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Mama Was Up the Ladder. Again.


Sawing. Clipping. Raking. Sweeping. Pushing dried limbs, branches, vines, leaves, and seed pods into plastic bags. That's how I spent most of my afternoon.

It wasn't what I had planned. When the Husband and I left this morning to do the errands, the Mama was reading the newspaper in the living room. Ninety minutes later, I looked out the back door to see a high limb on the miracle tree precariously hanging above the Mama, who sat beside the tall ladder, stripping dried leaves from skinny branches into her bucket.

I was furious. One, the Mama had been up the ladder. And, two, I had asked her the other day, after cutting back her banana trees, if she'd like me to prune the rest of the miracle tree. "No," she said. "The green (recycle) can is already full." Good, I thought, I'd prune the tree next Thursday.  Ha!

"You know we don't like you on the ladder," I growled, throwing my purse on the ground, and hurriedly climbing the ladder to saw off the limb. I proceeded to cut away at whatever else I could reach. Knowing that I was annoyed, the Mama toddled into the house when I asked her to take her medicine. Peace finally reached my head and I went into the house to put some groceries away and change my clothes.

About ten minutes after I was back on the ladder, the Husband came out to help. He took over pruning the tree, while I stripped the branches of seed pods and cut them into pieces that would eventually fit the green can.

"Why did you do this?" I asked the Mama, after reminding her that she didn't want me to finish pruning the tree yet.

"I didn't want you to work so hard," the 93-year-old woman said.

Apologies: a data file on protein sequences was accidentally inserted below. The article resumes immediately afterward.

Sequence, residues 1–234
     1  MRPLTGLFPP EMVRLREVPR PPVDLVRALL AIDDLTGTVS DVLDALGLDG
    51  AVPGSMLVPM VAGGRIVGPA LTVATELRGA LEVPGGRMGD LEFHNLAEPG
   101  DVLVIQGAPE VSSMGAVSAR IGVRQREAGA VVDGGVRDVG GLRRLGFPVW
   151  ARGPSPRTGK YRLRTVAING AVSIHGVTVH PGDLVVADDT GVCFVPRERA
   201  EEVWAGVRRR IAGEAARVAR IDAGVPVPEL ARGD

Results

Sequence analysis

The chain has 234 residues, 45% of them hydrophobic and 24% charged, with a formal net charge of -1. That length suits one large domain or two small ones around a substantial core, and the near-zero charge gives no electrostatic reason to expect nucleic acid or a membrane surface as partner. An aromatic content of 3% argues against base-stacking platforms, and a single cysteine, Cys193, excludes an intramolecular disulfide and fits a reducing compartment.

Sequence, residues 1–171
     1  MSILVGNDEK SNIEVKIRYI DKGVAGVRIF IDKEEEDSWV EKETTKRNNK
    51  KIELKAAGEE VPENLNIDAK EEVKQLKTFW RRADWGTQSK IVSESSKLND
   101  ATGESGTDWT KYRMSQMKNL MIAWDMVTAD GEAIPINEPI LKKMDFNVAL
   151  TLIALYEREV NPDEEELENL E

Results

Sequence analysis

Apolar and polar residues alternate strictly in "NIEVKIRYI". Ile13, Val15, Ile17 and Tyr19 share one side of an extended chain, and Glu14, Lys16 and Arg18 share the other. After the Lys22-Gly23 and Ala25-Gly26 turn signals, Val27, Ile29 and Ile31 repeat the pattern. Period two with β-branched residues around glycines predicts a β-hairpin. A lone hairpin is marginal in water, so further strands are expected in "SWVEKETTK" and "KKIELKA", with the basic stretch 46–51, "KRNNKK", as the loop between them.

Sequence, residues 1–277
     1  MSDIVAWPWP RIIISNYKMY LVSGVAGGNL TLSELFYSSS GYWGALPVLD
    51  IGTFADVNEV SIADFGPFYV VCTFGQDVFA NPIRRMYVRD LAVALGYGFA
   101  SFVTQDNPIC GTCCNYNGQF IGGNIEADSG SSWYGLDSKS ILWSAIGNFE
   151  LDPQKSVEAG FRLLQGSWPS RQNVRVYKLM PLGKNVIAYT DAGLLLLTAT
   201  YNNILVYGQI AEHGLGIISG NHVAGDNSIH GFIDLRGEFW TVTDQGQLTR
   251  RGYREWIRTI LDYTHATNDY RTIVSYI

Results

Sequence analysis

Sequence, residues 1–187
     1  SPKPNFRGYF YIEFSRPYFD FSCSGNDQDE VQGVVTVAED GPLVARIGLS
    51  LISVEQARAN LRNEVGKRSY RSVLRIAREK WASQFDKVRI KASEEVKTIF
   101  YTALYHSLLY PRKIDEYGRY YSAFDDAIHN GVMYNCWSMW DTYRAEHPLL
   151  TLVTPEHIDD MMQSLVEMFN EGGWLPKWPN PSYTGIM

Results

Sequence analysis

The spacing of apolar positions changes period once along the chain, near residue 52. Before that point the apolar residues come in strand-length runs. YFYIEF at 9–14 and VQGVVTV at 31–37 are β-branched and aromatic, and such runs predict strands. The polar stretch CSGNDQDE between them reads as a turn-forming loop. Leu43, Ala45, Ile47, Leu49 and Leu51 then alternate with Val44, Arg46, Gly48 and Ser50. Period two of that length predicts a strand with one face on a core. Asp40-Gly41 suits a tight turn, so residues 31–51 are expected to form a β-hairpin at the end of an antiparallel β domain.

Sigh.



Comments

  1. This is so familiar to me, except I would substitute my father for your mama. I am so happy that Dad is so independent, but sometimes it's scary!

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    Replies
    1. It's always reassuring when I hear someone else having similar experiences with their elderly, but very independent, parents.

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  2. She is one spunky gal! It's so funny how we become the parent in some ways. She is still looking out for you and that is sweet but glad you gave her a little hell. Reminds me of me with my mom (when she was well)

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  3. Susie,

    I just love your stories. I can feel your worry and frustration, but most of all the love you and the Mama share.

    Banana trees? When I was a child and lived in Queensland (further north) we had a banana tree in our garden. It looked like a broomstick when my mother first planted it. We didn't think it would survive but it did, and it even produced a few bananas. There was a banana plantation close to where we sometimes went on holiday. At the entrance was the Big Banana, a huge concrete (?) banana which tourists could enter. Inside was a display all about banana farming. Bananas don't grow where we live now, but we do have a Big Potato in a nearby village!

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    Replies
    1. Were you able to eat your bananas? Last year, three of the plants produced baby bananas. Our weather and climate is such that the bananas can't fully develop. On one hand that's good. Every year, after the hard frost, we cut back the plants and every spring, they come back.

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  4. Thanks for visiting my blog, glad you liked the post.

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  5. Mama wants to be useful even at 93 ~ Am sure you know that ~ great post ~ Aging is hard yet we begin to age at birth and none us feel that until 'suddenly we have aged' ~ I just finished reading 2 books memoirs of a Chinese American woman ~ Fifth Chinese Daughter and No Stranger Chinese ~ very fascinating reading and enlightening for me ~ Just thought I would mention it ~

    Happy Week to you,
    artmusedog and carol

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    Replies
    1. Jade Snow Wong! When I lived in SF as a young thing, I told myself to read Fifth Chinese Daughter every time I saw her shop. I think I will for my reading challenge. Thanks for mentioning her books, Carol.

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  6. If the Mama keeps this up, you're gonna hit 100 before she does!

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Thanks for the good cheer. :-)

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